The story of Job as told in the Hebrew scriptures – also part of the Old Testament canon of the Christian bible – has mystified ministers, theologians, and laymen alike for centuries. What are the odds a knucklehead like me is going to unravel it in a couple hundred word blog post? Nil. Will that stop me from trying? No chance, Lance.
For those who aren’t familiar with the book, it tells the story of Satan trying to convince God that a good man named Job (rhymes with “robe”) is only faithful because he has been blessed with so much. To prove Job’s faithfulness, God allows the devil to put the man through a series of intense trials. In spite of the loss of all his possessions, health, friends, and family, Job doesn’t give up on God.
The questions are many. Why would a loving God allow such a decent human being to suffer untold misery simply to prove a point to his Arch Enemy? Why does God feel the need to prove anything to Beelzebub? Why is He even dealing with the Evil One? Do those two hang out a lot? When did these events take place? What lessons are we to take away from this strange tale?
The most critical question from my perspective is this: Is “Job” a true story? If it isn’t, most of those other questions disappear. Poof. They’re no longer meaningful.
I can hear my more conservative friends shouting, “What?!? Surely you aren’t suggesting that part of the bible isn’t true!” Well, yes. In fact, there are a lot of sections of scripture that aren’t meant to be taken as truth, in the sense that they describe events that have actually occurred. Jesus specialized in them. They’re called parables.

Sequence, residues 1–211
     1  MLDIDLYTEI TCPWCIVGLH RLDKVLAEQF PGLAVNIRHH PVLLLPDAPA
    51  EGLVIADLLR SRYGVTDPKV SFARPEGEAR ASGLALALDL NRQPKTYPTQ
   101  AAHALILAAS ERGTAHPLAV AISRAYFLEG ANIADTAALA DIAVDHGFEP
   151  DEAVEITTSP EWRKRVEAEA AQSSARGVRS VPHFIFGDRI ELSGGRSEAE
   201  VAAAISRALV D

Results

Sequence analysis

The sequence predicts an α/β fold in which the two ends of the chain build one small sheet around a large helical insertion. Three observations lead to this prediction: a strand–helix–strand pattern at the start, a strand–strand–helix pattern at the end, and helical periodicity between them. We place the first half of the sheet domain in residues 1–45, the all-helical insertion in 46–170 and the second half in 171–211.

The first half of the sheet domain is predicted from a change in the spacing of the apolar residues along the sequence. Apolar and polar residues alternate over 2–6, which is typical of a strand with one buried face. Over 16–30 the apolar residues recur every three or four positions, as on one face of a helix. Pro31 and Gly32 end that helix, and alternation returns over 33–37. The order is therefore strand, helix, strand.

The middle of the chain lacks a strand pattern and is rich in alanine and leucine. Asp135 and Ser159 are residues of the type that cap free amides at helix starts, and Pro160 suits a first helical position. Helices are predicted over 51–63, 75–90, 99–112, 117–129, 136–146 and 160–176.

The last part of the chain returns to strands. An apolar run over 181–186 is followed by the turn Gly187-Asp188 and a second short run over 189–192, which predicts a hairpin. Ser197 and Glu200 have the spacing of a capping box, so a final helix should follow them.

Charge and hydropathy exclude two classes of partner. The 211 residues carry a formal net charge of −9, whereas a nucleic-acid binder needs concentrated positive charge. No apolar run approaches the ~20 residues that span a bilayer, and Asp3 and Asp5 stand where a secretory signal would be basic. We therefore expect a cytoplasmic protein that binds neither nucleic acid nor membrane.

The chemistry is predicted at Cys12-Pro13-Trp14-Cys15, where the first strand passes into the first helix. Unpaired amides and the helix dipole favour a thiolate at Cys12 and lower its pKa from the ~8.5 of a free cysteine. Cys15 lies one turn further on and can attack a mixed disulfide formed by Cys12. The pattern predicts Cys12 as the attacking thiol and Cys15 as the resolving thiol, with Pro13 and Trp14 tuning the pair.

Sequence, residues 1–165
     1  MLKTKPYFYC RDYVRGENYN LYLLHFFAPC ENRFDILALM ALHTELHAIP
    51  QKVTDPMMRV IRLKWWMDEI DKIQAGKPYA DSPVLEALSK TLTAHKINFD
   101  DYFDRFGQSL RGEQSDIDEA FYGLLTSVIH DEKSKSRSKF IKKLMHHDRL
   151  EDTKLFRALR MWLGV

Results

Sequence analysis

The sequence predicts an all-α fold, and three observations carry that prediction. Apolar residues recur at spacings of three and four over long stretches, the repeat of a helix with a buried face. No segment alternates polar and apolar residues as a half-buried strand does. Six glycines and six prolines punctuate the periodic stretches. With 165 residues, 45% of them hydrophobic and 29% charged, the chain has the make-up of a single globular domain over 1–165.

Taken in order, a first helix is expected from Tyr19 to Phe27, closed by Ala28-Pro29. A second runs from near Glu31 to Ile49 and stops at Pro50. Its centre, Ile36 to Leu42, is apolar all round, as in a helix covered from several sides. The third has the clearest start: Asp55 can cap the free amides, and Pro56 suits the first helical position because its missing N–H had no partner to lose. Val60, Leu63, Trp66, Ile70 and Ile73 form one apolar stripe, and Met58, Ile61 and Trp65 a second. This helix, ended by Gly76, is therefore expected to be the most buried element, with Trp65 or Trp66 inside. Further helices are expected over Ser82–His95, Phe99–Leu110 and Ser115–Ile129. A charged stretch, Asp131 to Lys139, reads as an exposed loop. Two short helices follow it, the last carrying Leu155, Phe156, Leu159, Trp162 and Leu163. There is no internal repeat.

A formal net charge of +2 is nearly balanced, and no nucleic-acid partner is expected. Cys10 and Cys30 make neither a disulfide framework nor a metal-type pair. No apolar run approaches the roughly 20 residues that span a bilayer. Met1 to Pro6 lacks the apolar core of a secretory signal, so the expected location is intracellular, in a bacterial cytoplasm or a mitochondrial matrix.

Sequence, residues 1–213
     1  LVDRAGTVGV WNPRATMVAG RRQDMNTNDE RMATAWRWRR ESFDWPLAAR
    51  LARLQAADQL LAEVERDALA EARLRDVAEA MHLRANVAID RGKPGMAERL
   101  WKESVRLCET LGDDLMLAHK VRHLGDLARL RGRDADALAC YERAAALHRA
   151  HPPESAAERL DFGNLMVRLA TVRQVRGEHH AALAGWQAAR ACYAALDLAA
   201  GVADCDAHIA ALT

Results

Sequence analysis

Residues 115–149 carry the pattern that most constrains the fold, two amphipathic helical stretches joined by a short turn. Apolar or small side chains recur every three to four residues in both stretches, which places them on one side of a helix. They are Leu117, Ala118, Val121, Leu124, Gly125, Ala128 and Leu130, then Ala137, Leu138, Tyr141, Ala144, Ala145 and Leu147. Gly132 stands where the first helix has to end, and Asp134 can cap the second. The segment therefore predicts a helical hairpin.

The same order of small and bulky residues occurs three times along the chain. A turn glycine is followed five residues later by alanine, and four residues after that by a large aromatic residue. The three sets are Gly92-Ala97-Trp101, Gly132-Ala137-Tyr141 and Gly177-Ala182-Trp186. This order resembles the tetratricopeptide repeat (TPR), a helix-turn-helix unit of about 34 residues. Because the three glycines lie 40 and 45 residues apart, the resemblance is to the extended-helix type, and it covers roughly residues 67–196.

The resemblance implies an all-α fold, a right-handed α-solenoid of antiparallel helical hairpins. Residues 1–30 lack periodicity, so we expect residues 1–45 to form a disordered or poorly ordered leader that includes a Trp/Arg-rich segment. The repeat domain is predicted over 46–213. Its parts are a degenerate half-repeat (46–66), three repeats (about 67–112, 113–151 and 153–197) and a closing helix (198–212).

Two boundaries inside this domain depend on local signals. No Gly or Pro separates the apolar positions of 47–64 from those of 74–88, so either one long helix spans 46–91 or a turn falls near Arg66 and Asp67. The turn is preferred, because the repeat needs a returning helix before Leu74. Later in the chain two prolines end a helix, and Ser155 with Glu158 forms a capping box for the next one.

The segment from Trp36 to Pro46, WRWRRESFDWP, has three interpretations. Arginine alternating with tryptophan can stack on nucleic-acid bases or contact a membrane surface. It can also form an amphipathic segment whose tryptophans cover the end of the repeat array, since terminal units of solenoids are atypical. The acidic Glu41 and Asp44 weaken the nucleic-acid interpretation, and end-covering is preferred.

In another, very real sense, those parables are as true as this morning’s newspaper. (More true, for the cynical among us, but that’s a whole ‘nother story.) The lessons they teach are not only true, they’re timeless. I would humbly suggest that the “parable of Job” falls into that category.
People with advanced MS might have a singular insight into Job’s struggles. Some have lost everything: health, jobs, friends, mates, and possessions to MS’s greedy grasp. Some can still say with Job,
Naked I came from my mother’s womb, and naked shall I return. The Lord gave, and the Lord has taken away; blessed be the name of the Lord.
But who could blame those who fail that test?
There are plenty of lessons to be drawn from Job’s tragedy:
- Remaining faithful in the face of trials is difficult but worth the effort.
- The inscrutable Nature of Things in general and God in particular.
- Supporting rather than attacking those who are down and out is a Good Thing. (Seems kind of obvious if you think about it, but Job’s buds must have missed the memo.)
To me the biggest point is that the story has a happy ending. Job remains faithful. God restores his fortunes and shames his fair-weather friends.
The lesson extends to us today. God promises that His story has a happy ending. All our pain is removed and tears are dried in a place where suffering isn’t even a memory.
You may write this off as classic “pie-in-the-sky-by-and-by” and you may be right. You might also be wrong. It’s hard (and uncomfortable) to imagine it while lazing about in our first world luxury but everyone suffers some and most suffer a great deal, from sickness, oppression, poverty, and other forces outside their control. To what else can someone suffering in this world cling?
The alternative is another old philosophy: “Life stinks and then you die.”
Which makes for a better outlook on life for someone living with MS, where every day is a struggle, even the simplest task is a major chore?
I’ll take hope.
Note: For the coolest retelling of Job’s story, you must listen to “Song of Job” by one of the great but sadly shortlived bands from the 70’s: Seatrain. You can hear it on YouTube here. Highly recommended.